Juvenile Homicides: A Social Disorganization Perspective

Juvenile Homicides: A Social Disorganization Perspective
Minna K. Laurikkala
March 2011

ISBN-13:  978-1-59332-471-1 / Hardcover
Dimensions:  5.5 x 8.5 / xiv, 192 pages

Price   $65.00


Laurikkala studies youth homicides between 1965 and 1995 in Chicago. She considers variables relating to the offender, victim, setting, and precursors to the homicide by race and gender. Her results indicate that youth homicides involved increases in lethal gang altercations, particularly among Latinos, and an increased use of automatic weapons. Young females had very little impact on homicide rates in Chicago. The findings point to several measures of social disorganization that could aid in the prediction of youth homicides, albeit varying across groups. Overall, the results support social disorganization theory and also underscore the relevancy of data disaggregation by gender and race/ethnicity.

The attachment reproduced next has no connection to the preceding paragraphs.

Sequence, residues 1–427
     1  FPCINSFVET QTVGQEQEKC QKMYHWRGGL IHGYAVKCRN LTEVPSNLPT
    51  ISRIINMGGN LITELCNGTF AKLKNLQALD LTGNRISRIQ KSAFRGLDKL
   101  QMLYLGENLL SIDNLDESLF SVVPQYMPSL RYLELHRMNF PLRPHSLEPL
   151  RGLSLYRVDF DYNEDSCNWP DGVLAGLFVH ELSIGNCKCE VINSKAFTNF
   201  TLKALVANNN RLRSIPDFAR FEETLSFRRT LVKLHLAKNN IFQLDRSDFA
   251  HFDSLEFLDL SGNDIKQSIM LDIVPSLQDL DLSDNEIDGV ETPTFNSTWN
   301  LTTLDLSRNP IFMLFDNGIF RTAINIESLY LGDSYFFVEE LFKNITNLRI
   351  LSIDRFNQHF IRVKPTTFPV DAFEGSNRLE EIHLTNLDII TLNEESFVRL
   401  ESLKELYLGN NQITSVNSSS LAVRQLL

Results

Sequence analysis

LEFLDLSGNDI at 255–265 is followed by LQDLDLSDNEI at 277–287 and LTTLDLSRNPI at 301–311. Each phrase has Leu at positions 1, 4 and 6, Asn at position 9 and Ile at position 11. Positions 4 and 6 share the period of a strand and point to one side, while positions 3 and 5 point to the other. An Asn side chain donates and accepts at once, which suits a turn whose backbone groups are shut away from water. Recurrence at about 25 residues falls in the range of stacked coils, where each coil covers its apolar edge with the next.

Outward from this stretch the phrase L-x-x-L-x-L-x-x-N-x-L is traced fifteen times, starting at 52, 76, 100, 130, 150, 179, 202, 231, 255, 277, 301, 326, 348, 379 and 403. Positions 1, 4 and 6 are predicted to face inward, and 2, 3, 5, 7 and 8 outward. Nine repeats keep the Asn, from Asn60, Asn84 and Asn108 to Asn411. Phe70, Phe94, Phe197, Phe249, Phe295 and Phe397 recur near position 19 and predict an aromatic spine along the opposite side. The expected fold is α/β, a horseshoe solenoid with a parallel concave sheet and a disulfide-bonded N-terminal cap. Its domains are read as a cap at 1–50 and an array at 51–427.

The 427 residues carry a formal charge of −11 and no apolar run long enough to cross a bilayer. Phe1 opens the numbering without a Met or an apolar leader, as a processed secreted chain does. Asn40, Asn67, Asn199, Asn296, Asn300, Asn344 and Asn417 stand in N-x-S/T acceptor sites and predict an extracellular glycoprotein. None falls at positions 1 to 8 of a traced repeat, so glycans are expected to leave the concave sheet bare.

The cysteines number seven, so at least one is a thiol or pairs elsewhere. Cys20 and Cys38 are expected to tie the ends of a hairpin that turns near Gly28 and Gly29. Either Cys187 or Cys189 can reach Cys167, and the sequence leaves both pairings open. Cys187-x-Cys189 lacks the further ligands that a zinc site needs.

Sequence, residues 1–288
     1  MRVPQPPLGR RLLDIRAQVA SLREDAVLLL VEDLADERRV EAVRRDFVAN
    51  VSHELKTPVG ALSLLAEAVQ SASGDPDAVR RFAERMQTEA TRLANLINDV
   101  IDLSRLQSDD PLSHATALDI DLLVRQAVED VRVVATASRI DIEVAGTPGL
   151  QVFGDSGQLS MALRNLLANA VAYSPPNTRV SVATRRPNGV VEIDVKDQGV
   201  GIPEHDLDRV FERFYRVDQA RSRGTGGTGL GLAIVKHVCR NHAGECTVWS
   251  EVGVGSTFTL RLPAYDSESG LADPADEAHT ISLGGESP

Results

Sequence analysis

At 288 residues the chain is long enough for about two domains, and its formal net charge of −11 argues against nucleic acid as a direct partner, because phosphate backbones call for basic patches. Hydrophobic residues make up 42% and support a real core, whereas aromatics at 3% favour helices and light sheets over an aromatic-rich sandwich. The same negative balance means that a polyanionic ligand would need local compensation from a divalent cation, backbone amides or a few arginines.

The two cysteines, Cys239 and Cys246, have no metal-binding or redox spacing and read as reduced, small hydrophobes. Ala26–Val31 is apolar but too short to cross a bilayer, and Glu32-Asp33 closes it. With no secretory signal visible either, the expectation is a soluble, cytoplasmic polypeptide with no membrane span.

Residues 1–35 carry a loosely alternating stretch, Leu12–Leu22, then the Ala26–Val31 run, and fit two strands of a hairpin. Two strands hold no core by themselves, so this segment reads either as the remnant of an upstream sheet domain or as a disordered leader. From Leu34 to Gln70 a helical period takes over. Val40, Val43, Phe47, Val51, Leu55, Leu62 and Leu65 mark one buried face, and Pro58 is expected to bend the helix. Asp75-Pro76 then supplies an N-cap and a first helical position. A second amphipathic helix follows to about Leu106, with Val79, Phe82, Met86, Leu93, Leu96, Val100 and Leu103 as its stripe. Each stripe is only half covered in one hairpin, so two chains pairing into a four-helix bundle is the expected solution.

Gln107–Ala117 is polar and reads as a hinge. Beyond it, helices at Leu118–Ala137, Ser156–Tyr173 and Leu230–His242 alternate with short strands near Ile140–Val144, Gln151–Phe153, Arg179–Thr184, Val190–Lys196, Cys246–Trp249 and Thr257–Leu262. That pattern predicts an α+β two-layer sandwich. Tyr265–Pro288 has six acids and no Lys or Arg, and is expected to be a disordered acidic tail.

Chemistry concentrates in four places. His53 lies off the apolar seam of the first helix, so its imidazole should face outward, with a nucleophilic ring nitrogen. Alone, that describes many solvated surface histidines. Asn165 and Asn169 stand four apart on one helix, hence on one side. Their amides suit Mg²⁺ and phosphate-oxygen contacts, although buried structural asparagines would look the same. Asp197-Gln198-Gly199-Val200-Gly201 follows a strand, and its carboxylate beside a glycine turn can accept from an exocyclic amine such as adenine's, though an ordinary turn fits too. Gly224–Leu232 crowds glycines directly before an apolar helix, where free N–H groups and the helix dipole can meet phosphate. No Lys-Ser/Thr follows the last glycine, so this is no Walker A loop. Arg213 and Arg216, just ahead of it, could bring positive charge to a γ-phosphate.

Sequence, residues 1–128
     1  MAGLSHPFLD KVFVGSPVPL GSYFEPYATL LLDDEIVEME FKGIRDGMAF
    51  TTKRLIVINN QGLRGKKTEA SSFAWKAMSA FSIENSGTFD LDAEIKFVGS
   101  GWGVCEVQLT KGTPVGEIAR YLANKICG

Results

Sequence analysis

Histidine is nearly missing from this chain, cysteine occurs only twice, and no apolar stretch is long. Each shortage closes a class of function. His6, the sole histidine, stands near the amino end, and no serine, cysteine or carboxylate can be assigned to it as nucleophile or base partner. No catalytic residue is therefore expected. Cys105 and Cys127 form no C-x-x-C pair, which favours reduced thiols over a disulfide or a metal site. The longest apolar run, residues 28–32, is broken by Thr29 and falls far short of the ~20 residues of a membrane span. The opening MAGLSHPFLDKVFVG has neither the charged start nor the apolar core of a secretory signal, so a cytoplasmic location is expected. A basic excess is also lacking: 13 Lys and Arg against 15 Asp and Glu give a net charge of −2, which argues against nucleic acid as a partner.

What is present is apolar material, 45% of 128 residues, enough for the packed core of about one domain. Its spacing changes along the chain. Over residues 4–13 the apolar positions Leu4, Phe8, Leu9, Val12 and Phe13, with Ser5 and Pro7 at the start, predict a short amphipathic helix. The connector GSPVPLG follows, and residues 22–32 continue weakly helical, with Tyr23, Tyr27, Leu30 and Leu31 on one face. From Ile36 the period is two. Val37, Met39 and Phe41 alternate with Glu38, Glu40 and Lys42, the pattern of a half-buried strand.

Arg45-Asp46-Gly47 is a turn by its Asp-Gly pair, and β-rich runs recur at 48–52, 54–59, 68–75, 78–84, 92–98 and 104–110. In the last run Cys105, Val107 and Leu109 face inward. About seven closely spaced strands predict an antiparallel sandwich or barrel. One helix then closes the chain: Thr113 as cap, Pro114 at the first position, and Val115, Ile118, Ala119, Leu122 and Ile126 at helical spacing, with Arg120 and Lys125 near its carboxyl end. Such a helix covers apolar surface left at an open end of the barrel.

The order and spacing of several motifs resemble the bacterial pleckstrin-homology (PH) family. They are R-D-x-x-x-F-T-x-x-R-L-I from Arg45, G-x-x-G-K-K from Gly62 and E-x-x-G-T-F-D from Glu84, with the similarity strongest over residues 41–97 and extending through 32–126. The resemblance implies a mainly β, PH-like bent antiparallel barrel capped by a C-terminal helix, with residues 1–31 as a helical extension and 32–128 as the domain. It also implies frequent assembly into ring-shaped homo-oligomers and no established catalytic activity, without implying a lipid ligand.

About the Author

Minna K. Laurikkala is an assistant professor in the Department of Criminal Justice at Shenandoah University. She received her Ph.D. in sociology from the University of Central Florida. Her current research interests include violent crime, homicides, juvenile delinquency and justice, immigration and crime, and social stratification.